Football, cheerleading, soccer, lacrosse, baseball—the sport doesn’t really matter. The view from the bench is the same for all sports. It is the hardest view a young athlete has to deal with. That being said, it is also the view that teaches important life lessons.
My son has played baseball since he was five. Little league, travel teams, middle school, and now high school. For the first time, and the reason why doesn’t really matter, he spends more time on the bench than on the field. As a parent, it is probably one of the most difficult things to watch. Listening to other parents cheer for their children, patiently waiting for your turn. As much as you don’t want to, the feelings of anger and envy creep inside you. I have to constantly remind myself what I have always said . . .
“It’s not about the game, it is about the life lessons.”
Yes, life lessons. You will not always like or agree with your boss. You do not always get what you deserve, or think you deserve. Hard work does not always pay off the way you think it should and life doesn’t always reward you for trying your best. That’s because life is not fair.
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That’s right life is not fair. As parents we have said this phrase many times to our children, whether over the last piece of cake or whose bedtime is 15 minutes later. We know our children must learn this harsh reality, we try to prepare them for it, but are we ever really ready to stand by and watch them experience it? Not easy for sure.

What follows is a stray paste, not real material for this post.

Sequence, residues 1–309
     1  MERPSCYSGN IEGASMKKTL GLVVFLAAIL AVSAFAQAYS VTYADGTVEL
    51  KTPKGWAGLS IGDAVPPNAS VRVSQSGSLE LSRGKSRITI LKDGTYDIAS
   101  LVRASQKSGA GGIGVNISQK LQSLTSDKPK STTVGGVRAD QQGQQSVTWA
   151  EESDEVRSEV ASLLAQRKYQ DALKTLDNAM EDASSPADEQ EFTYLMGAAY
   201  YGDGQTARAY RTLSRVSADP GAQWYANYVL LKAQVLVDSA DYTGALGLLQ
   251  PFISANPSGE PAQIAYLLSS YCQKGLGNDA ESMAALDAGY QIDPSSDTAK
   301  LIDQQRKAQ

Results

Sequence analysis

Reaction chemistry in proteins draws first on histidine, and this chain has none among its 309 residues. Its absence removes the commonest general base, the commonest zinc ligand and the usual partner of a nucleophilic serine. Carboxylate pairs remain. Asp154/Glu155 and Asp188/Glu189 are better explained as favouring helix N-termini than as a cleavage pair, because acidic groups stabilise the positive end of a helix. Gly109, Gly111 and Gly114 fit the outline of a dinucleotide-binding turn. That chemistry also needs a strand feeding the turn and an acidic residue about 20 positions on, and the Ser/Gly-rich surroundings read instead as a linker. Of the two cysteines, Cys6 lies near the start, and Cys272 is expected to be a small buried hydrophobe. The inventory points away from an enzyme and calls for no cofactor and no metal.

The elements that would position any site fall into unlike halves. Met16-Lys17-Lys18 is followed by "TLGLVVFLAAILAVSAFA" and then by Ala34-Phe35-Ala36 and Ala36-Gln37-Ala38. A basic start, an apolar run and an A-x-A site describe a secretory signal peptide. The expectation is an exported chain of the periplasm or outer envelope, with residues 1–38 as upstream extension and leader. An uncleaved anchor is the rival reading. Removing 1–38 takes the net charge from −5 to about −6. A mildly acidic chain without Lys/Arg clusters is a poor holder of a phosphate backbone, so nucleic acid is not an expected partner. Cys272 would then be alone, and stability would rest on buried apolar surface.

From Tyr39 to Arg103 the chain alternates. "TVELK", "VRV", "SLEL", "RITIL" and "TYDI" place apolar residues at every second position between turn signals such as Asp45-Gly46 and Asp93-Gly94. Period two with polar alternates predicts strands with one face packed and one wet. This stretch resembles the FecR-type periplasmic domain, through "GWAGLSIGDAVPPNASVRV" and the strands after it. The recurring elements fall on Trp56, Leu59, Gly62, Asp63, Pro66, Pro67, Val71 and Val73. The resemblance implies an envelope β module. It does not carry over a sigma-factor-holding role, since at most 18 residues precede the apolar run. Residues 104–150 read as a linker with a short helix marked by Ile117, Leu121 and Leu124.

Bench lessons are immeasurable.
In a society where instant gratification is so prevalent, these young athletes are learning that success can take more than a minute’s worth of effort. Patience and persistence is a learned behavior. They are learning that no matter how hard you work, someone is working harder, so you must push forward and not give up. Just when you think you have given it your all, you must give more because life is not fair.
These young athletes are learning that being part of a team is just that, part of a whole. You do not try to knock someone down on the team to raise yourself up. You dig deep, looking for ways to improve in your craft, but at the same time keeping in mind that the success of the team must come first. That’s right, your needs do not always come first—an invaluable lesson learned.
Life lessons are just that, lessons about life.
As adults, we know this time passes quickly, way too quickly. We know the championship games end and the trophies eventually get placed in a box.
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What we need to remember as we are sitting in the stands watching our children is that we are not only watching a game. We are watching our children obtain some of the qualities they need to become responsible, hardworking, compassionate adults. Isn’t this what every parent wants? Maybe the view from the bench isn’t so bad after all.